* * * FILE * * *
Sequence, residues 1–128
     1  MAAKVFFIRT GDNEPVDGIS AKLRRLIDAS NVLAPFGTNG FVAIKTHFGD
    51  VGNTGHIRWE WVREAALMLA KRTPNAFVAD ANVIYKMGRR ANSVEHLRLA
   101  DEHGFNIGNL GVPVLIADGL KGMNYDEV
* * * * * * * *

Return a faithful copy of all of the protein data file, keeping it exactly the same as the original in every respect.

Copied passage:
Sequence, residues 1–128
     1  MAAKVFFIRT GDNEPVDGIS AKLRRLIDAS NVLAPFGTNG FVAIKTHFGD
    51  VGNTGHIRWE WVREAALMLA KRTPNAFVAD ANVIYKMGRR ANSVEHLRLA
   101  DEHGFNIGNL GVPVLIADGL KGMNYDEV